Halo-style engagement rings have been popular since the 1700s, giving this versatile ring the beauty of antiquity. With their timeless appeal and charm, halo rings have remained a favorite for those who want that extra sparkle on their finger. The halo style is created by taking a solitaire or pavé band and placing a ring of tiny diamonds around the center stone, creating a halo look.
Many people love this setting because it is adaptable to various diamond shapes and makes the center stone look much bigger. There are two main types of halo settings: flush and floating. While a flush halo has a row of diamonds placed at the same level as the main diamond, giving it a seamless look, a floating halo is lower than the center stone, giving the main diamond the appearance of floating on the halo.
The halo style is elaborate and adaptable to so many different visions. However, it may not be your lifestyle's most practical ring choice.
Halos add bulk to your ring and ultimately make it look much bigger without increasing the price the way a larger diamond would. With the option of a double or triple halo, this style will inevitably look and feel like a rock on your finger. It's also important to consider the option of a hidden halo. This is where the halo sits below the center stone but has a smaller diameter, making it hidden when looking at the diamond straight on.
Hidden halos are a beautiful addition to any ring, but the setting requires the main diamond to sit higher on your finger. This can lead to snagging your ring on clothes, couches, or various things amid your daily activities. It also makes any physical activity with your hands quite impractical. If you are someone who enjoys lifting weights at the gym or being super active outdoors, there's a good chance a halo-style ring will feel like more work than it's worth.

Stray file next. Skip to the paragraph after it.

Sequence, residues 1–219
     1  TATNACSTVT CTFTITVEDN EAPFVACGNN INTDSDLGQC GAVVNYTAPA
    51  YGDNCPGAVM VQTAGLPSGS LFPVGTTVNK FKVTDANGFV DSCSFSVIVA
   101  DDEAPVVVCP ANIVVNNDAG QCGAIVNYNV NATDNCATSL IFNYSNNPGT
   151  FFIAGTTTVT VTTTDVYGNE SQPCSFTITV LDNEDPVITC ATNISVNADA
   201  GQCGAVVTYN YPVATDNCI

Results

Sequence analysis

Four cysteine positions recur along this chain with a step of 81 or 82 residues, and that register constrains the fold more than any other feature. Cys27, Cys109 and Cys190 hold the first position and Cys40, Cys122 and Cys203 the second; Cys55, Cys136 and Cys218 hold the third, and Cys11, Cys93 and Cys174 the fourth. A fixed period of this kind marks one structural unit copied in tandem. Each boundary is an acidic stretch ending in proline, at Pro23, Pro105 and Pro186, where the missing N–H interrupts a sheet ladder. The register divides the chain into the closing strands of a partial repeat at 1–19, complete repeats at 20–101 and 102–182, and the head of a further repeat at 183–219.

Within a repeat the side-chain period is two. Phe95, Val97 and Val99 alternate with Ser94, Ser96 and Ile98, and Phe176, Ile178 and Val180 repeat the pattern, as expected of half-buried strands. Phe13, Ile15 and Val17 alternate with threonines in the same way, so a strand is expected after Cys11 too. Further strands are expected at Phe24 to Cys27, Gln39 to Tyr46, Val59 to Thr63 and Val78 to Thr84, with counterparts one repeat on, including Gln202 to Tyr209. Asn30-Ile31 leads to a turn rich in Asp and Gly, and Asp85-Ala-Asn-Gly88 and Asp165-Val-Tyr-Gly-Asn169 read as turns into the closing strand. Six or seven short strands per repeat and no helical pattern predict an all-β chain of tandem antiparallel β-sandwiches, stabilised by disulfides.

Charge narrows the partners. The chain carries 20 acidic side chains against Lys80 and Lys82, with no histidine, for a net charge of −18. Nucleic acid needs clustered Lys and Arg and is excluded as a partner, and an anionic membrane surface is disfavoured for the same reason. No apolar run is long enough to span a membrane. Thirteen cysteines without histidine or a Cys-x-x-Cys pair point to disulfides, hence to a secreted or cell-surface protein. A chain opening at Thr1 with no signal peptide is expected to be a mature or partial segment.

With all the tiny diamonds that are included in a halo setting, it's inevitable that some will fall out with normal wear and tear, leaving you with frequent trips back to your jeweler for maintenance requests. On top of that, more diamonds usually means more trapped dirt. So, learning how to safely clean your engagement ring at home will likely be a must.
While a halo engagement ring can look beautiful on its own, pairing the perfect wedding band with it will require some thought. Certain wedding bands go with halo engagement rings, which you'll need to consider early on if you have your heart set on a specific look or stackable bands. When you have, halo-style engagement rings with a rounder profile, wearing straight wedding bands is not recommended because they constantly rub against each other on your finger. The diamonds in the band could scratch the metal on the base of your engagement ring over time.
Because of these limitations, it is usually advised to have a custom wedding band made to fit your specific halo-style ring. Of course, designing your own wedding band adds time and money to the process. There are bands that wrap around center stones and halos, but finding the right match may be a challenge, and it limits your options.
Despite these considerations, many people still have their hearts set on a halo-style engagement ring, which is not bad. If you are still dreaming about an engagement ring with a halo, it likely means it's meant for you. Knowing what you want and sticking with it is amazing. Plus, going into your decision with an awareness of the pros and cons will only make the process easier.